It Turns Out Moon Contains Ice, Not Cheese

Discovery spurs hope of colonization

Scientists, authors, and dreamers have for decades propounded on the possibility of building human colonies on the moon.

Their visions may have taken a huge step toward reality with the discovery of frozen water on a body thought to have been more arid than a desert. A lake-like mass of ice the size of four football fields has been detected at the bottom of a 10 mile-deep crater on the moon's dark south pole by Clementine, a US satellite built to test technology for a space-based antiballistic missile defense system.

The discovery of the lake, first made in 1995 and revealed this week, holds profound implications for the future of lunar exploration. The ice it contains, thought to be "tens of feet deep," could potentially be used to sustain a human colony by providing it with a source of drinking water, irrigation for crops, and oxygen for breathing.

"The fact that there is a potential resource there increases clearly the moon's desirability as a way station in space," says Wes Huntress, who heads the National Aeronautics and Space Administration's office of space science. "If it can't be used as a way station, it could be used for humans to live and train for life for planetary bodies."

There is a further possibility that the hydrogen and oxygen from the water could be processed into rocket fuel for return trips to Earth. "This would eliminate the need to carry a round-trip supply [of fuel]," says Rick Lehner, a spokesman for the Pentagon's Ballistic Missile Defense Organization, popularly known as star wars. "It could end up that you might be able to harvest this water."

The discovery comes only months after NASA announced that scientists had found evidence life may have existed more than 3.6 billion years ago on Mars, where there are huge amounts of frozen water, a basic necessity for life. Strong evidence of liquid water on Jupiter's moon Europa has fueled speculation about the existence of primitive life below that satellite's icy surface. But there's no speculation now that the presence of water on the moon holds a similar potential. "Scientists ... don't seem to have looked at the possibility of life within the water, but mainly at its [future] application," says Mr. Lehner.

The discovery comes at a time of renewed interest in lunar exploration, not just by US scientists, but by Europe and Japan, which has what Boston University astrophysicist Michael Mendillo calls "a very aggressive program" to explore the moon and exploit its resources. Next September, NASA will launch Lunar Prospector, a $63 million mission to map 80 percent of the moon, as well as record its mineral distribution. It will also look for signs of water.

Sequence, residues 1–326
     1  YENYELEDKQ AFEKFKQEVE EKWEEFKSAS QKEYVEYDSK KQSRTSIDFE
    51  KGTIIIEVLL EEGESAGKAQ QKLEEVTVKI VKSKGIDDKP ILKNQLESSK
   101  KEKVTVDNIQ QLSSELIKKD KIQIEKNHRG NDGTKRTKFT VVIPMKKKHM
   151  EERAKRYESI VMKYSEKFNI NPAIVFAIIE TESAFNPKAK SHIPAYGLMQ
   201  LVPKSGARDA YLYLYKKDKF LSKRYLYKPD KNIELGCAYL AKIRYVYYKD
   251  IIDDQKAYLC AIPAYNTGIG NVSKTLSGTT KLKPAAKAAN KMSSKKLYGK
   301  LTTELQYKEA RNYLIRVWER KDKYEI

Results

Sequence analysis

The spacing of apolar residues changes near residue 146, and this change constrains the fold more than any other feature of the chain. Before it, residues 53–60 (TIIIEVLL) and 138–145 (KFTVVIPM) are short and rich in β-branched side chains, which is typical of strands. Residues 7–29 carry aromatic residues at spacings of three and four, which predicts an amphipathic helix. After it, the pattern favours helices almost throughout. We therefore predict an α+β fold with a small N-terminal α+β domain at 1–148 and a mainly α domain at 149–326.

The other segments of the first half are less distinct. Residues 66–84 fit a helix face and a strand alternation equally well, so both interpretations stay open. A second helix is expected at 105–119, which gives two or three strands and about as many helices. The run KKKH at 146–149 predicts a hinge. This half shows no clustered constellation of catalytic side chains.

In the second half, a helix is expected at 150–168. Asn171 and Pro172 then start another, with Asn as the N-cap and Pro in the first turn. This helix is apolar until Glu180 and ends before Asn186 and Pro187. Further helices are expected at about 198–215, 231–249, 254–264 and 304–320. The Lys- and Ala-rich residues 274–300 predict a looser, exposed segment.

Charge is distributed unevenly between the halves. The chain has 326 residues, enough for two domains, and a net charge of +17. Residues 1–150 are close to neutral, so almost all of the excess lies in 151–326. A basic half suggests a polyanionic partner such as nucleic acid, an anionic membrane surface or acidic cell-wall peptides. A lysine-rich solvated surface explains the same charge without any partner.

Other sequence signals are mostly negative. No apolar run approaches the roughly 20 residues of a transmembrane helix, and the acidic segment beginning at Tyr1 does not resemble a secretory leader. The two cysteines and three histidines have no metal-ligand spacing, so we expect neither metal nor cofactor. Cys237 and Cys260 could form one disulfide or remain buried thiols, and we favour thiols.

Clementine's discovery involved some serendipity. The $75-million spacecraft was using the moon as a target for a research radar, and scientists were intrigued by readings from the crater's depths. During lengthy analysis, the signals were compared with those from frozen water masses detected on other planets and found to be similar. Although there was a lot of debate at first, now "there seems to be a consensus ... that it is water ice," says Lehner.

The ice could be 3.6 billion years old. The moon's age is estimated at about 4 billion years. "The theory is that the ice came as a result of the tail of a comet or the collision of an asteroid or meteor with the surface of the moon," Lehner says. An early theory that water could exist on the moon was dispelled by the geological specimens brought back by the six Apollo missions.

Now, the prospect of using the moon's water as a basis for human colonies depends on where it is and how easily it can be recovered. Researchers still may find that importing water from Earth would be cheaper than taking chips of the moon's blocks. Yet the discovery is significant, Dr. Mendillo says, if for no other reason "than it reminds us once again that the early solar system was a very violent place."

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